Ganey said every person experiences tragedies through their lifetime.

“I think this made me realize that we all struggle with tragedy, and this is something that certainly anyone on campus remembers,” Ganey said. “Saturday is going to be a regular day for Alabama fans. It’ll be the hardest day of the year for me. Not crying the entire day is hard. How many people wake up one day and it’s the anniversary of their dads’ death or their sister’s death? Nobody knows. The anniversary is hard for everyone.”

For the past four years, Andreen said the University has not done anything to honor the anniversary.

“Individuals will always remember the victims of the Virginia Tech tragedy, as we do other pivotal events in our history; however, the events occurred on the campus of Virginia Tech and that is the appropriate place for ongoing commemorative events,” Andreen said.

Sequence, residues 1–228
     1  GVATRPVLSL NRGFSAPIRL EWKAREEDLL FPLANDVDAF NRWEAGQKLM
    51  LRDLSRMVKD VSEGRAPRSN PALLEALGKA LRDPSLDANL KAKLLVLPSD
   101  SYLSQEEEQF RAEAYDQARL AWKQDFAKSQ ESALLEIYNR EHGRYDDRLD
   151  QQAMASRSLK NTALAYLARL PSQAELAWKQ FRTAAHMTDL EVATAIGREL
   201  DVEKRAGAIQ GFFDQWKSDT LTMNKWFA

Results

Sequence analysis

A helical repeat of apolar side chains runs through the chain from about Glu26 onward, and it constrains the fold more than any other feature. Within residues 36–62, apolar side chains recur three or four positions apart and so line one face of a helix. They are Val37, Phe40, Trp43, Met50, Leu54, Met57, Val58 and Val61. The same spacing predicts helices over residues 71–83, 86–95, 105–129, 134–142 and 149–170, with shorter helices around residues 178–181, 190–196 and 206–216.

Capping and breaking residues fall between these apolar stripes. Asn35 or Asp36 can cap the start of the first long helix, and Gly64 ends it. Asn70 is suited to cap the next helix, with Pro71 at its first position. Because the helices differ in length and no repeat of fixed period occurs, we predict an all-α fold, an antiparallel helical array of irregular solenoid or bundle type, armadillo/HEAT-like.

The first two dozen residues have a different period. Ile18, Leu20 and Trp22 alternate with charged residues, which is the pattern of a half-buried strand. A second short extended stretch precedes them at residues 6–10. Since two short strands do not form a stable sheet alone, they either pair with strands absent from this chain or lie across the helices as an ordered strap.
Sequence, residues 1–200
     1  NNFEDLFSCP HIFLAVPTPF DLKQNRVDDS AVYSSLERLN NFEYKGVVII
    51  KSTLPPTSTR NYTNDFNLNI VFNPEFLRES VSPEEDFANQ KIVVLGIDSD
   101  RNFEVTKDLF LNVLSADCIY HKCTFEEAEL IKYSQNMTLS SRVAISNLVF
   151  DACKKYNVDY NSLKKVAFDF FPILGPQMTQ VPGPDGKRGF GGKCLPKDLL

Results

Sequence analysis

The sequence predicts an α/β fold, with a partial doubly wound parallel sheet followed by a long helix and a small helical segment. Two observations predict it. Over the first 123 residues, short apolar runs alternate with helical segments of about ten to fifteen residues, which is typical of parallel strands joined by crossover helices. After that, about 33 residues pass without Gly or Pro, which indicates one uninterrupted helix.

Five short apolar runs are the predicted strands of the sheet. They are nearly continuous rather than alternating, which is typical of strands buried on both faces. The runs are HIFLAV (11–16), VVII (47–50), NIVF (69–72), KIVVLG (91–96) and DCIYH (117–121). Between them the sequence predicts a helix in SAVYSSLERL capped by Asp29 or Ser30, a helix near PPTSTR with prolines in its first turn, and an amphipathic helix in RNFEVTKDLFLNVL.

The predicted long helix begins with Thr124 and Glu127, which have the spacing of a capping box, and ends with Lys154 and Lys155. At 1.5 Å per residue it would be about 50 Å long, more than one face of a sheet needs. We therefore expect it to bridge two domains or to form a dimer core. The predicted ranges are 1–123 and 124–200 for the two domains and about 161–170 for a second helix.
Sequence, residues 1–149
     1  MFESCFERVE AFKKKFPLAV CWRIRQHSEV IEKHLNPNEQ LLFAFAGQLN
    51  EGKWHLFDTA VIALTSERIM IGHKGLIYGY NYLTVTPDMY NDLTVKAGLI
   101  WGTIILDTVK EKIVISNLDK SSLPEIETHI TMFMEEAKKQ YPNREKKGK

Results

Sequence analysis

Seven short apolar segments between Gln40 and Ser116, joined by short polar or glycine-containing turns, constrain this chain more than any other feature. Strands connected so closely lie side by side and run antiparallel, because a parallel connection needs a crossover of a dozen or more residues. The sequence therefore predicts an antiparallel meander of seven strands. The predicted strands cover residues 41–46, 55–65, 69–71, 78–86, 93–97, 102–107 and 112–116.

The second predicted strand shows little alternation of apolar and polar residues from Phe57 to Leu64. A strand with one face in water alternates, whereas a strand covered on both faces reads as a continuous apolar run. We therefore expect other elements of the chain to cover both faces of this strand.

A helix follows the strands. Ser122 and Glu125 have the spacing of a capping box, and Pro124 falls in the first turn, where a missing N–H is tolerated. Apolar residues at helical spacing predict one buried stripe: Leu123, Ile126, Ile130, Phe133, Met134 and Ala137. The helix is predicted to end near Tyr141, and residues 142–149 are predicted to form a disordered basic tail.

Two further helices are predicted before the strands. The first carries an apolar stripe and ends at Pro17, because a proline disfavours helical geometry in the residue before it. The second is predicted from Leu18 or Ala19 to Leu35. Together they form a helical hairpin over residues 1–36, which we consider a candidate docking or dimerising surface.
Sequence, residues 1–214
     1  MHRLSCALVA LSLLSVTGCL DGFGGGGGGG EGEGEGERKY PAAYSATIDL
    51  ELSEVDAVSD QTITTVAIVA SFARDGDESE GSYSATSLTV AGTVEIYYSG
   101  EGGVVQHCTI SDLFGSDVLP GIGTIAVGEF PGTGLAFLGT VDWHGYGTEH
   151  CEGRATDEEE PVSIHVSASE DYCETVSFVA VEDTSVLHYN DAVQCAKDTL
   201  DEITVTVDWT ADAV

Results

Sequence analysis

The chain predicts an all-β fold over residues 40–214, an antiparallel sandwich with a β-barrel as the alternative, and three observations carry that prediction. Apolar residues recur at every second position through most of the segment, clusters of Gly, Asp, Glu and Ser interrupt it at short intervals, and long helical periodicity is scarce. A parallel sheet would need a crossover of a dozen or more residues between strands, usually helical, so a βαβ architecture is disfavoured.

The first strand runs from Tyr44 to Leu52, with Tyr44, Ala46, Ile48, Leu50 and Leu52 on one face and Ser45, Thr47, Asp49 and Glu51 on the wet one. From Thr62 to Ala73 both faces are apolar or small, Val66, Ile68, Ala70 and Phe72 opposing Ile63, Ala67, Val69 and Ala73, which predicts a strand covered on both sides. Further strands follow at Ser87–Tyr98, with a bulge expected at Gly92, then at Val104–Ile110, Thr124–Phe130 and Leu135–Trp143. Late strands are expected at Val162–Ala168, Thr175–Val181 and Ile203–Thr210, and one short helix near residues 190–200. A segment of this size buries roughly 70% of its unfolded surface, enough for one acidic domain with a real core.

Ganey said she wishes there was something to commemorate the anniversary each year.

“A visual would be great,” Ganey said. “It would be nice if they light some candles and just remember. I never know what to do. The first [anniversary] I placed flowers on my friend’s memorial. The second year, I just wore my Tech stuff. This year, since it’s A-Day, I think I’m going to wear my remembrance ribbon.”

Valentine said even though it has been a tough situation, she is proud of the community for looking ahead.

“Though the circumstances were unfortunate and devastating, the community that emerged at Virginia Tech is remarkably strong, abundantly hopeful and incredibly unique,” Valentine said. “I am proud and blessed to be a part of that family.”